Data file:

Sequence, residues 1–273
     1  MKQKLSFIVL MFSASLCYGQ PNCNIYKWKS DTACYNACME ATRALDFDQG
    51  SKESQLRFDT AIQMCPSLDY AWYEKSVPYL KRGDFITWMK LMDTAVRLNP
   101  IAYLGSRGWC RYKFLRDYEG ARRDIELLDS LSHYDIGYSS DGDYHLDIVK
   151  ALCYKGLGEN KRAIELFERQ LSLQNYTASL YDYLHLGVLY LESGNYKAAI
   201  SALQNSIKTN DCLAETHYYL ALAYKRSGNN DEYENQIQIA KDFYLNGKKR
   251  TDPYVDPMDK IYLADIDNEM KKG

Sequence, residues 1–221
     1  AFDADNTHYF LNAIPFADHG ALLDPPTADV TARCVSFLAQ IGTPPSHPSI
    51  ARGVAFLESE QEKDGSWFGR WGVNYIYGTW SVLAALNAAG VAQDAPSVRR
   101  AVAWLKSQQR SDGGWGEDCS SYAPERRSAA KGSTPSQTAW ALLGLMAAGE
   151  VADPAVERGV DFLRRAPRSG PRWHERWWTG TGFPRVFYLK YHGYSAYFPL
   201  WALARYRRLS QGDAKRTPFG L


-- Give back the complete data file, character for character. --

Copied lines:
Sequence, residues 1–273
     1  MKQKLSFIVL MFSASLCYGQ PNCNIYKWKS DTACYNACME ATRALDFDQG
    51  SKESQLRFDT AIQMCPSLDY AWYEKSVPYL KRGDFITWMK LMDTAVRLNP
   101  IAYLGSRGWC RYKFLRDYEG ARRDIELLDS LSHYDIGYSS DGDYHLDIVK
   151  ALCYKGLGEN KRAIELFERQ LSLQNYTASL YDYLHLGVLY LESGNYKAAI
   201  SALQNSIKTN DCLAETHYYL ALAYKRSGNN DEYENQIQIA KDFYLNGKKR
   251  TDPYVDPMDK IYLADIDNEM KKG

Sequence, residues 1–221
     1  AFDADNTHYF LNAIPFADHG ALLDPPTADV TARCVSFLAQ IGTPPSHPSI
    51  ARGVAFLESE QEKDGSWFGR WGVNYIYGTW SVLAALNAAG VAQDAPSVRR
   101  AVAWLKSQQR SDGGWGEDCS SYAPERRSAA KGSTPSQTAW ALLGLMAAGE
   151  VADPAVERGV DFLRRAPRSG PRWHERWWTG TGFPRVFYLK YHGYSAYFPL
   201  WALARYRRLS QGDAKRTPFG L